The telemarketers and bottled-water vendors who call Anna Ipox’s yoga studio in Portland, Ore., often ask, “Is this the yoga place?”
Ms. Ipox does not answer yes. Instead, she said, “I make them say it: Say, ‘Is this Fat Yoga?’ ”
That’s the proper name of the studio, and one that many people struggle to spit out. One caller, typical of others, refused to respond directly, instead replying, “Well, how do I know you’re fat?”
“People think ‘fat’ means slovenly, uncontrolled, dirty or lazy,” Ms. Ipox said. “It doesn’t.”
In addition to the fact that the word fat feels fraught, it’s not usually paired with yoga. Yoga conjures stringy, bendy, barely clothed bodies — not soft, round ones. But that’s the stereotype that specialized classes and studios, like Fat Yoga, around the country are trying to combat in an effort to reclaim the practice for people of all body types.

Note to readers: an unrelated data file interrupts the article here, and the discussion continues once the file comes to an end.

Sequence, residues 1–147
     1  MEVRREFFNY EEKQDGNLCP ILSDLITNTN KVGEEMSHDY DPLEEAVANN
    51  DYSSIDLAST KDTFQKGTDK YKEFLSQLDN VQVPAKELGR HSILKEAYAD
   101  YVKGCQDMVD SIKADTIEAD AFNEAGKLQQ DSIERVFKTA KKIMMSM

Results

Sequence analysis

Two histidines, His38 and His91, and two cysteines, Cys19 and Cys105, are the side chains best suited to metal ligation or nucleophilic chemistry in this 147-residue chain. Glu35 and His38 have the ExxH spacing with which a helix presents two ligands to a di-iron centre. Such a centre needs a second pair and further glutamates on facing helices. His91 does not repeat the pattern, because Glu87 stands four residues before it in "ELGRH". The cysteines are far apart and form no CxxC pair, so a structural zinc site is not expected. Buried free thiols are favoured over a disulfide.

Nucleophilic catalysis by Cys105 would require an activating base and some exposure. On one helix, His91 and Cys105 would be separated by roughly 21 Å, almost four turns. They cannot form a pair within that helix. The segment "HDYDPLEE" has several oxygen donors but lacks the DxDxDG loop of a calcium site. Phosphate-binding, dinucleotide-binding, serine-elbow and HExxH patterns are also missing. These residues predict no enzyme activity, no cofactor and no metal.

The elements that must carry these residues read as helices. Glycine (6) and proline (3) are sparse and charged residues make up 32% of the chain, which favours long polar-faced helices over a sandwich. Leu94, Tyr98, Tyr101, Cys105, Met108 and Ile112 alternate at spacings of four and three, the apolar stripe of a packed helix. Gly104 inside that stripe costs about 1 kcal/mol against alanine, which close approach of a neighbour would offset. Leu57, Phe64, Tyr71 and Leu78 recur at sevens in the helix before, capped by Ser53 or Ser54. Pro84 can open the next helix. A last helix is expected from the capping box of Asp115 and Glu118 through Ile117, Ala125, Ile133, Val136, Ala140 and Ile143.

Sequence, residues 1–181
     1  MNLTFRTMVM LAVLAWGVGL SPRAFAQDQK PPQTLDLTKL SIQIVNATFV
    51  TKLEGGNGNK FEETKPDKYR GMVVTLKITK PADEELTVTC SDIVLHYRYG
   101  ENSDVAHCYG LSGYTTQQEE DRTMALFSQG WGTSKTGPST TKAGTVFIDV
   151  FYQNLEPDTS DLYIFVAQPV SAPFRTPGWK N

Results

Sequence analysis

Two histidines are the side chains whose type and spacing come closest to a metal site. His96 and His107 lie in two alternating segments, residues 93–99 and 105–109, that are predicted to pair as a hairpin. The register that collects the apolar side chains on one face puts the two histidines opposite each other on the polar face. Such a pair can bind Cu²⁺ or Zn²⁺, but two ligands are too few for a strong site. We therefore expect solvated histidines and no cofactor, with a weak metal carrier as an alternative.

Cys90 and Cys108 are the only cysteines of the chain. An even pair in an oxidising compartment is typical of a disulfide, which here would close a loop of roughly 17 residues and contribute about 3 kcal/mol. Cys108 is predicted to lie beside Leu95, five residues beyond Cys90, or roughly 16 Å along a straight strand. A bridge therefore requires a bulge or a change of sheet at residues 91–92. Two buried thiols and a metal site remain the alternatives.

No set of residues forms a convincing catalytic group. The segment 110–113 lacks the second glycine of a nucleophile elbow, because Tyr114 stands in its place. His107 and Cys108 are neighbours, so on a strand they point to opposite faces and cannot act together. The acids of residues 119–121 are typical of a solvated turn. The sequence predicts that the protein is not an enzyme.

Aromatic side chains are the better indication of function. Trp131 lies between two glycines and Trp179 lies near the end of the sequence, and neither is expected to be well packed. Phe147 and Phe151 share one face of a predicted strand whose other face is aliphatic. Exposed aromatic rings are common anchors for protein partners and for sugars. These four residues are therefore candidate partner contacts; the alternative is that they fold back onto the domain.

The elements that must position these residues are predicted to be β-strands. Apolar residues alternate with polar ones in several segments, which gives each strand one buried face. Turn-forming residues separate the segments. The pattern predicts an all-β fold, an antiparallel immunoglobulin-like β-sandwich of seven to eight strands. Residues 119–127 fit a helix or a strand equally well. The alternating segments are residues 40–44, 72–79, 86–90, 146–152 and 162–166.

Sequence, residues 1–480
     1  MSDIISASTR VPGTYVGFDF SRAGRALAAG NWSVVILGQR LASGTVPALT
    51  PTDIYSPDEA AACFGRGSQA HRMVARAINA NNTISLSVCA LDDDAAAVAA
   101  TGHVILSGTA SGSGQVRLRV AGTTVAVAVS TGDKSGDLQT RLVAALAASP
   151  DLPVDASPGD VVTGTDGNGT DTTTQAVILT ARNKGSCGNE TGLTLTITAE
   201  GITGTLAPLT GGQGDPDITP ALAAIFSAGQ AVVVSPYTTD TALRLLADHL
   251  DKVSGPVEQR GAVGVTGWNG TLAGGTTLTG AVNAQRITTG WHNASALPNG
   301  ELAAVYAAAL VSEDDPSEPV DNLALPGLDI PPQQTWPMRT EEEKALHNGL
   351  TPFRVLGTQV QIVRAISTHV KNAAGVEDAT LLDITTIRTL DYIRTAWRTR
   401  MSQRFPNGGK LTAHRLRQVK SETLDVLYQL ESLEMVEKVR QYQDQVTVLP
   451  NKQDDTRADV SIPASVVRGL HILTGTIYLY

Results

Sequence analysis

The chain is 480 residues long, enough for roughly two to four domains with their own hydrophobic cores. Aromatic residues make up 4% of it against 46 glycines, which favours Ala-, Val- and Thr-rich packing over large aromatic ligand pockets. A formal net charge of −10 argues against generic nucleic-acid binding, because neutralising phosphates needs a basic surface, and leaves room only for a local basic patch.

In New York, there’s MegaYoga, Buddha Body Yoga and Yoga for Abundant Bodies. There’s Curvy Yoga in Nashville, HeavyWeight Yoga in Austin, Tex., and Big Yoga in Buckingham, Va., among others. Continue reading >>